Transitioning Into Working Mom Life and All Those Big Feelings
After I had my first child, I decided to stop working and stay home with my baby. I initially thought I would be a working mom, but my reality didn’t align with my expectations. My feelings about this were all over the place. Firstly, I had a job that continually forced me to do things I felt were unethical and not supported by research on what is best for kids. Secondly, my entire family lived across the country and I would have had to rely on strangers for full time child care. Thirdly, I would have had no paycheck while paying for said child care.
I was happy to decide to stop working then, I wanted the time with my baby. But it was also somewhat out of my control. It’s complicated, isn’t it? And what a ridiculous term “stay at home” really is. It’s such a loaded phrase. This is a topic that elicits SO MANY BIG FEELINGS from parents. Over the years, I have gone through many of my darkest hours over this very topic.
Growing Pains and Big Feelings
When you decide to become a stay at home parent, you are often told that you are lucky to be able to do so. Sometimes we are able to do so because of privilege, but sometimes it’s also a lack of privilege. Judging someone’s choice to become a stay at home parent is purely an individual decision that a family makes based on what is best for them and what resources they have access to in their community.
In the past 2 years, I have transitioned into a business owner and doula. I felt more and more comfortable working and being away from my children as time went on. At one point, I realized that I needed to make the transition into a commitment to working mom life. I felt a huge calling to grow into a different role in my life, and I felt a massive passionate calling to my work. This transition was 100% necessary for me and for my family.
I love what I do. I put my full heart and soul into my work.
But sometimes working is painful.
Saying goodbye to babies each day is emotional.
Sharing their milestones with others makes me feel left out.
I often become consumed with worry and anxiety over leaving them.
Organizing childcare ranges from simple to agonizing.
I worry that they will become insecure in their attachment.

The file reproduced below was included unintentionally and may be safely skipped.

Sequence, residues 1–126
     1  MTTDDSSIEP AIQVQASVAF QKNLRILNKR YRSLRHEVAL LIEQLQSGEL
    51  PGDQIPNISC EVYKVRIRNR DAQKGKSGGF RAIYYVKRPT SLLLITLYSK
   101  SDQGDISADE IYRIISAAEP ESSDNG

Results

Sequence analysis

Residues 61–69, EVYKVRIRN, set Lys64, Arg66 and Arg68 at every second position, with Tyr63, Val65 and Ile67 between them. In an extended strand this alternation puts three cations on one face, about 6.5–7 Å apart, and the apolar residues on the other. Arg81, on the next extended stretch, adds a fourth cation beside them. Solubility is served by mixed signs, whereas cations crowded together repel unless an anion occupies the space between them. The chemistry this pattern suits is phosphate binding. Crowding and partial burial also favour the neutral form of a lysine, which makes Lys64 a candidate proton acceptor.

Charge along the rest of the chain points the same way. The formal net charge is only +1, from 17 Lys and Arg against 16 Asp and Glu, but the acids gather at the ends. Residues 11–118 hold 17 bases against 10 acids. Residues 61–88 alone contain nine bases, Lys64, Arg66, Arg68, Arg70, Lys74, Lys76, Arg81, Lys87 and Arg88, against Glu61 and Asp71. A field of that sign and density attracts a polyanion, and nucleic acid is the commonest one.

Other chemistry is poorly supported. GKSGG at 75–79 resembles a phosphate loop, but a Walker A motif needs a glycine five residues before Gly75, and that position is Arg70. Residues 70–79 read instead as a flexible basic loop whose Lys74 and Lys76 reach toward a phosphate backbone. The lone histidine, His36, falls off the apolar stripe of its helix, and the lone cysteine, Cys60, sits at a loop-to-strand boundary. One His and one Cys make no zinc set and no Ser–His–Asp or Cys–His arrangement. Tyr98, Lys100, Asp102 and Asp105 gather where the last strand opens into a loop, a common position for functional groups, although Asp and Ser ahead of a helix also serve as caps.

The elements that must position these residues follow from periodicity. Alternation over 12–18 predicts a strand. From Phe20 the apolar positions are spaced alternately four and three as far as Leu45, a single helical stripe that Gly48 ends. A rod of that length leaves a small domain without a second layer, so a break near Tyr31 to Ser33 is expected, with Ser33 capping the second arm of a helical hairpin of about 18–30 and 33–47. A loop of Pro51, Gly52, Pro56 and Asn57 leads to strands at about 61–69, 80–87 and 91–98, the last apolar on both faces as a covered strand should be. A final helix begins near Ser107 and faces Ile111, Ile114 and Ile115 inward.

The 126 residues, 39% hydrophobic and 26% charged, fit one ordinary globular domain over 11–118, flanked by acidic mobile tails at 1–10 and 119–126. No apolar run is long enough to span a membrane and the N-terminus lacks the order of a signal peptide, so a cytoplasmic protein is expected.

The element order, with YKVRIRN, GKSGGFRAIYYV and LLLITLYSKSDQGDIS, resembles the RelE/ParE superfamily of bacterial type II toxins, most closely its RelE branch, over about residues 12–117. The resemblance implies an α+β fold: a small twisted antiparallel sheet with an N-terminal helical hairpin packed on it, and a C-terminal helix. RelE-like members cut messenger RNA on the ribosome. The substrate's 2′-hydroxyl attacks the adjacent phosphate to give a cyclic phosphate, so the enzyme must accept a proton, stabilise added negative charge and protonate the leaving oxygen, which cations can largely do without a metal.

I worry about breaking their hearts.
The full spectrum of my work brings tears of joy and tears of heart ache.
And all of these big feelings are okay.
Anxiety is a Liar
Here’s the thing. Anxiety is a liar. My kids have done AMAZING and I have seen them grow and learn in huge ways since this transition has begun. They have made new friends, built relationships with other adults, and have learned independence in an entirely new and positive way. For the first time, I didn’t have to be totally in control of everyone’s day seven days a week, 24 hours a day. They are truly loving life.
Supporting the Working Mom Transition is Also a Postpartum Transition
I’ve learned a lot over the past year about moving into working mom life. For a lot of parents, this transition is also a postpartum transition. Self-care is SO important. I’m not talking about bubble baths and wine. I’m taking about real self-care. I have made it a priority to work with a fantastic therapist to help manage my anxiety. I also have prioritized taking care of my personal health. Learning how to organize my life and ask for help when I need it is huge. Asking for help is self-care. Bringing people into your community is self-care. Your postpartum doula can help you prepare for the transition into work life and provide you with a list of community resources to ease the transition.
What Does the Research Say?
A new research study reveals that children of working moms are just as happy as kids of stay at home moms. Studies also show that girls with a working mother are more likely to attain higher levels of employment. Once I did a little research, I felt even better about committing to this transition. It has been both beautiful and painful as we go through these growing pains as a family. But my kids get to grow up seeing a role model who is serving her community, and it helps them to see how important support is for families.
I am grateful for the opportunity to do this work. I am grateful for all of the support my family has received in the process. I am grateful for the privilege of helping families in the childbearing year. I am grateful for my ultra-supportive partner. I certainly am not doing this alone. All of these big feelings.